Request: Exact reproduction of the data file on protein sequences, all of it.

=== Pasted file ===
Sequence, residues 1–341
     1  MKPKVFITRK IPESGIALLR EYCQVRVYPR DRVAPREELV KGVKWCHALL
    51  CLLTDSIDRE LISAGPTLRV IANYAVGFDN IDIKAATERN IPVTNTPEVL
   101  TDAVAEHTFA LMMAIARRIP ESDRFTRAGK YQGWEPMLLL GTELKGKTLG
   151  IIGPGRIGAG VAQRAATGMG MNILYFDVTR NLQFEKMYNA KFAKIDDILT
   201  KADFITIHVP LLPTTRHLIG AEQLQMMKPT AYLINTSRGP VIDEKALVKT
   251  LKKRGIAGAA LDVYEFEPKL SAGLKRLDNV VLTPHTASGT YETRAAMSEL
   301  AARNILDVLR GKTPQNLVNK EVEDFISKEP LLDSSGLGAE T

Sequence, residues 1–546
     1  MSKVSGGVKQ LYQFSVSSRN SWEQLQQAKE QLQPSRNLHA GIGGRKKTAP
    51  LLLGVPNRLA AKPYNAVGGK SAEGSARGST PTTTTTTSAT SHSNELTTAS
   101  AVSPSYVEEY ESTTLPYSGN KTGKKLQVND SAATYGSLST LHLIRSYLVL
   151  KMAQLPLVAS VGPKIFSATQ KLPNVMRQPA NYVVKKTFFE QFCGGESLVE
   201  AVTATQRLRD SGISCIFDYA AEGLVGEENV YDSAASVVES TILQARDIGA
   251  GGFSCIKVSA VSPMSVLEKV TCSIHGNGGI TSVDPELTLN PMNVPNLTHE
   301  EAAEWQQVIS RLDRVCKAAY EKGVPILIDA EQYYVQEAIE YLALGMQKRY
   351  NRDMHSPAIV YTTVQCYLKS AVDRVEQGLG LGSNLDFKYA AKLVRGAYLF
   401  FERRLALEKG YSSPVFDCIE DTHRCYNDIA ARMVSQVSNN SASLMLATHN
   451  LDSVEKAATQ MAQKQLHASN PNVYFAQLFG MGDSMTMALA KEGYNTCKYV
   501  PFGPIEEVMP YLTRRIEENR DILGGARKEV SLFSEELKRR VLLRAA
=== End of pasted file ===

Sequence, residues 1–341
     1  MKPKVFITRK IPESGIALLR EYCQVRVYPR DRVAPREELV KGVKWCHALL
    51  CLLTDSIDRE LISAGPTLRV IANYAVGFDN IDIKAATERN IPVTNTPEVL
   101  TDAVAEHTFA LMMAIARRIP ESDRFTRAGK YQGWEPMLLL GTELKGKTLG
   151  IIGPGRIGAG VAQRAATGMG MNILYFDVTR NLQFEKMYNA KFAKIDDILT
   201  KADFITIHVP LLPTTRHLIG AEQLQMMKPT AYLINTSRGP VIDEKALVKT
   251  LKKRGIAGAA LDVYEFEPKL SAGLKRLDNV VLTPHTASGT YETRAAMSEL
   301  AARNILDVLR GKTPQNLVNK EVEDFISKEP LLDSSGLGAE T

Sequence, residues 1–546
     1  MSKVSGGVKQ LYQFSVSSRN SWEQLQQAKE QLQPSRNLHA GIGGRKKTAP
    51  LLLGVPNRLA AKPYNAVGGK SAEGSARGST PTTTTTTSAT SHSNELTTAS
   101  AVSPSYVEEY ESTTLPYSGN KTGKKLQVND SAATYGSLST LHLIRSYLVL
   151  KMAQLPLVAS VGPKIFSATQ KLPNVMRQPA NYVVKKTFFE QFCGGESLVE
   201  AVTATQRLRD SGISCIFDYA AEGLVGEENV YDSAASVVES TILQARDIGA
   251  GGFSCIKVSA VSPMSVLEKV TCSIHGNGGI TSVDPELTLN PMNVPNLTHE
   301  EAAEWQQVIS RLDRVCKAAY EKGVPILIDA EQYYVQEAIE YLALGMQKRY
   351  NRDMHSPAIV YTTVQCYLKS AVDRVEQGLG LGSNLDFKYA AKLVRGAYLF
   401  FERRLALEKG YSSPVFDCIE DTHRCYNDIA ARMVSQVSNN SASLMLATHN
   451  LDSVEKAATQ MAQKQLHASN PNVYFAQLFG MGDSMTMALA KEGYNTCKYV
   501  PFGPIEEVMP YLTRRIEENR DILGGARKEV SLFSEELKRR VLLRAA